As the person who’s responsible for owning the product, surely you as the product manager would know the product best. How could you forget about the product?
That’s probably the most ridiculous question you’ve ever heard as a product manager, right?
But as I mentioned above, you probably know the product inside and out. You can likely tell me the most intimate details about your product similar to how a parent could talk about their kids. For example, a parent would know things like what type of environment their kids are most comfortable in or how they’re supposed to behave, as well as the things that might cause them to melt down (bug out!). In a lot of ways, parents can even see attributes of themselves in their kids. In fact, the similarities between being a parent and a product manager are wildly fascinating to think about. So, again, how could a product manager forget about their product? Well, let’s meet Jon . . .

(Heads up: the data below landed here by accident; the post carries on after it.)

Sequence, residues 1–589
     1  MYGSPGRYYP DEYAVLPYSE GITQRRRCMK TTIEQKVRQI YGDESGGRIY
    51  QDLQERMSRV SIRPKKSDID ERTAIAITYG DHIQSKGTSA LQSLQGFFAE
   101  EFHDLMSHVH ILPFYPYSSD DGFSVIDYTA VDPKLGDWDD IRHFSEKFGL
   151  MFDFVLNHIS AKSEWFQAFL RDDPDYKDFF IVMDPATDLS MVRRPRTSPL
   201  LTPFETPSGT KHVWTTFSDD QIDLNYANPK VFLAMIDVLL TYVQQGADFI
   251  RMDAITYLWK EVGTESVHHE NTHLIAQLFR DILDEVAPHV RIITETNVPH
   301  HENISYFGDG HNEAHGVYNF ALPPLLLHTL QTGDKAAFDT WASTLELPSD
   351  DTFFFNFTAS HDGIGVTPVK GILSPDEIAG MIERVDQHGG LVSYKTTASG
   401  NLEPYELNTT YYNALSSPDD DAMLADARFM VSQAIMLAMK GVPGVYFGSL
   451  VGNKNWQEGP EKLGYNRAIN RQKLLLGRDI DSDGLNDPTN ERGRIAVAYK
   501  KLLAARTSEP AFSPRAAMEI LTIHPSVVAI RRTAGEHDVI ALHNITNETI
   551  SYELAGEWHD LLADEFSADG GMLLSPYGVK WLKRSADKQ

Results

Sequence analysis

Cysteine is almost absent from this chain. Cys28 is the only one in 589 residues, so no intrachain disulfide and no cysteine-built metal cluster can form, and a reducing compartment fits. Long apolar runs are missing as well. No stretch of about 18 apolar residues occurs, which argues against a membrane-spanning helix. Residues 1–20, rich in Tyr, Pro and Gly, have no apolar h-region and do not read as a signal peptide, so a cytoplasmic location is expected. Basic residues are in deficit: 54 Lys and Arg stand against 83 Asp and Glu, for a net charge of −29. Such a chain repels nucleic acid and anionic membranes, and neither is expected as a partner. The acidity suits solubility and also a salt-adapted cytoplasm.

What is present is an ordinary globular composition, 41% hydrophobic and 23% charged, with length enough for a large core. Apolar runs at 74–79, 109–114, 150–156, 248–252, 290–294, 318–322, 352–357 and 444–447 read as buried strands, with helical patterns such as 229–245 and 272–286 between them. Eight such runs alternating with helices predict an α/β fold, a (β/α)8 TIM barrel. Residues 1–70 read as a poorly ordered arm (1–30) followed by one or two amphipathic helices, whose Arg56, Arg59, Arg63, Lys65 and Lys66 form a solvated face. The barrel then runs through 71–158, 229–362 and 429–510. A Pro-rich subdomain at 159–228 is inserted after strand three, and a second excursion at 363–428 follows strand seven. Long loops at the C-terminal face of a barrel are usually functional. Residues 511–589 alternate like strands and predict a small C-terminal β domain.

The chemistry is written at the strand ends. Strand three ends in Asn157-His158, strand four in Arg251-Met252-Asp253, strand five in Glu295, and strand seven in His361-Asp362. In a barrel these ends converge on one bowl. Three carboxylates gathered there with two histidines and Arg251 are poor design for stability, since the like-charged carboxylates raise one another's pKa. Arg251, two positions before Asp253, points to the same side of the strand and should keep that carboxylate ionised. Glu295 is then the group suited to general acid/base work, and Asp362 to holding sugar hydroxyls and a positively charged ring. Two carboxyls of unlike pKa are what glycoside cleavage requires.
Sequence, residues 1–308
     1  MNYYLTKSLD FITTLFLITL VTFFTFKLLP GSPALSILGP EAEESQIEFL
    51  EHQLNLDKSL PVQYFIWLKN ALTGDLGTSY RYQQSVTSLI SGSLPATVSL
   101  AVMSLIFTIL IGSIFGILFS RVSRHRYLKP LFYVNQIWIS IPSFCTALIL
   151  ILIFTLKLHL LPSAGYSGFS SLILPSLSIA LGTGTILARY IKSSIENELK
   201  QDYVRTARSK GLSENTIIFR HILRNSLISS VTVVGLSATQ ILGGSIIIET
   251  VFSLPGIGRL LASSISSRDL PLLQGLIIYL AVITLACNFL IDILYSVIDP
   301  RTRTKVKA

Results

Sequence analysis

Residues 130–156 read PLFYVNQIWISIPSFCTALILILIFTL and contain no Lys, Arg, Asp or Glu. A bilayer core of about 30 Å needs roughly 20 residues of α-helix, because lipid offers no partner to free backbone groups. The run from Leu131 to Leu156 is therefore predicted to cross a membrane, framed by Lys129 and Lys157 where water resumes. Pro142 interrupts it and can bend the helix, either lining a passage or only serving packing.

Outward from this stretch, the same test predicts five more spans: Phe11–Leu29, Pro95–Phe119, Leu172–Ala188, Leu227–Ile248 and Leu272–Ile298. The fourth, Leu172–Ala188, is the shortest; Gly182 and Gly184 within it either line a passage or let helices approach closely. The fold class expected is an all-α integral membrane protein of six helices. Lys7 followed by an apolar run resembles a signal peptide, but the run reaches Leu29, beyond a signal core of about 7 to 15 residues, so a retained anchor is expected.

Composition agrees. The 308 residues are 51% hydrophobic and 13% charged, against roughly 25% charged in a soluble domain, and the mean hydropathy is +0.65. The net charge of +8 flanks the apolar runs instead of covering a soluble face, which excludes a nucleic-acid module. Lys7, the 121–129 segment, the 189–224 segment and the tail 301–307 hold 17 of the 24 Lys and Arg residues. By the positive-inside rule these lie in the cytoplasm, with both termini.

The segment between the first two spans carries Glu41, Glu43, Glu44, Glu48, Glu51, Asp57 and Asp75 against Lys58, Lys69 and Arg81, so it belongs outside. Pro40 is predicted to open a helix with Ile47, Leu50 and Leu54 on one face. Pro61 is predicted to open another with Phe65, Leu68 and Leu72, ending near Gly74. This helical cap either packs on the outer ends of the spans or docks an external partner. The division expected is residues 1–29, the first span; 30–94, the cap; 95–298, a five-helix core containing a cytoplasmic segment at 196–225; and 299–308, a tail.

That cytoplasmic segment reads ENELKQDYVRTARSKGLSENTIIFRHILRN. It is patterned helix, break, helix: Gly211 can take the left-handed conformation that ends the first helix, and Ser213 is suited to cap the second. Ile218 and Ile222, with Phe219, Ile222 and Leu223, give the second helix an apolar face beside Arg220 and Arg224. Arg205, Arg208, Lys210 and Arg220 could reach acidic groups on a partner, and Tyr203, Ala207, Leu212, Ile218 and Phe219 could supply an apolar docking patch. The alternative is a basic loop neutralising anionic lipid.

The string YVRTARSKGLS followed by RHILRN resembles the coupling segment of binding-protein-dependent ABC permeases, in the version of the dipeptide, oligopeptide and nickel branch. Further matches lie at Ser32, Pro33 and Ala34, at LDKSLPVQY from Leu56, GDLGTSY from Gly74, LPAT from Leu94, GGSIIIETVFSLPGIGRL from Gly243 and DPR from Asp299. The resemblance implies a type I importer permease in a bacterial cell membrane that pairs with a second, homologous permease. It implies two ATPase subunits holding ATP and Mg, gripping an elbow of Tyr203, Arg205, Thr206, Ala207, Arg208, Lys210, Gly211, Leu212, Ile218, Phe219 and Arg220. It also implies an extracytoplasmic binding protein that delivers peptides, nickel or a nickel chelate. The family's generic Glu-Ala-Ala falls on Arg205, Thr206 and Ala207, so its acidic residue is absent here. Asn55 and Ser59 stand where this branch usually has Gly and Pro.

Jon is a technical product manager for a start-up that has recently begun to experience some exciting growth. As the PM, Jon is responsible for leading his team of developers, designers and testers as they build out solutions for the company’s flagship product. For Jon, a typical week looks something like this:
On Mondays and Wednesdays, Jon spends the day with the developers compiling code, launching to the simulator, and running the product on different devices to ensure cross-platform capability. On Tuesdays and Thursdays, he conducts customer interviews where he has his designers and maybe one or two developers listen in on the call. Those interviews are thorough and usually involve a ton of UI/UX scenarios for testing new solutions.